David Warner regularly cops plenty of verbal abuse from fans and opponents, but says none of it compares to Quinton de Kock's 'vile and disgusting' remark.
Warner has given a frank insight into his rage-fuelled rampage directed at the South African wicketkeeper on the fourth day of the first cricket Test in Durban.
Warner regrets losing control in the ugly staircase stoush that cost him approximately $13,500, three demerit points and a fair whack of reputation damage in the eyes of the Australian public.
'100% FALSE': Tim Paine rejects South Africa's accusations
Australia's vice-captain says he must handle future situations much better, but also vowed to continue defending his family.
De Kock on Wednesday unsuccessfully contested his level-one charge of bringing the game into disrepute, resulting from a derogatory comment.
"I cop it left, right and centre, especially off the field from spectators. I am used to that and it doesn't bother me," Warner told reporters after he accepted a level-two charge.
"I've been called everything under the sun out on the field and that, quite frankly, doesn't bother me.
"But in the proximity of my personal space and behind me, a comment that was vile and disgusting and about my wife - and just in general about a lady - was quite poor.
"It was just something that I don't believe should have been said ... (it was) out of line.
"I responded emotionally and regretted the way it played out, but I'll always stick up for my family."
New footage of the incredibly heated confrontation emerged on Thursday (which you can watch at the top), showing the exact point when Warner snaps.
Warner insists he didn't want things to become violent.
"I just would have liked him to say the comment a little bit louder, instead of muttering it under his breath next to me and Tim Paine," Warner said.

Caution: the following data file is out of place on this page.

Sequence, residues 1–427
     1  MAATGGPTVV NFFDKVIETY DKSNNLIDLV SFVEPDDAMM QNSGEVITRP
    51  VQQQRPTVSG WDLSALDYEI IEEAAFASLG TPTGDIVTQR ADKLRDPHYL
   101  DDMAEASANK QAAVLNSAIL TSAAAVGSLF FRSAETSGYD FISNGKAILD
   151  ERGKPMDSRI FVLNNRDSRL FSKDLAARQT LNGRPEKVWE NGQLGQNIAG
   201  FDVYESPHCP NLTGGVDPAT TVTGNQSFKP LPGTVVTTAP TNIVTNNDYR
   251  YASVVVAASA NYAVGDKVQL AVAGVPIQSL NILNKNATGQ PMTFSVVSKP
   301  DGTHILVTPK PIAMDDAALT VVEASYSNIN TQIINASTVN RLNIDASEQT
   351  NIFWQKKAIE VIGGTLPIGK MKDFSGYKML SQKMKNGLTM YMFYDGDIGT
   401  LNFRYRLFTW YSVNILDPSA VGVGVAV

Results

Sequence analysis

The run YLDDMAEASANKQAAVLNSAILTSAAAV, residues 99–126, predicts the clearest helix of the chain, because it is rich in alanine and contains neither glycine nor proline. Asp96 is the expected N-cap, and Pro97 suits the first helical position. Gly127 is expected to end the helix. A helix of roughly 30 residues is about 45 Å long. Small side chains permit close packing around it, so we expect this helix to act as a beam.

"Then walking up the stairs and saying 'I didn't say anything' as soon as the rest of his teammates came out.
"We're all men and if you're going to say something, you look someone in the eye and say it."
Warner and de Kock are yet to speak since their scrap, which has overshadowed Australia's series-opening win in Durban and the build-up to the second Test that starts in Port Elizabeth on Friday.
"Hopefully I can speak to him in the next couple of days, or after the game, or after the series," the opener said.
Warner rejected South Africa's accusations that he subjected de Kock to personal abuse.
"It is quite disappointing that they would come out and make that statement," he said.
Warner declared he will continue to play aggressively despite the prospect of a ban hanging over his head for the next two years.
The 31-year-old added he would respond in a "more appropriate manner" if the same situation happened again, but downplayed the prospect of the Proteas needling him about family matters again.
"I can't see anyone else making comments the way that he made them, which were outright disgusting," Warner said.
"It's a thing you wouldn't say about any lady, especially someone's wife.
"When it comes to family or racism comments or anything like that, that's just a no-go zone."
Match referee Jeff Crowe will meet with skippers Steve Smith and Faf du Plessis on Thursday, spelling out how he wants players to behave when the series continues.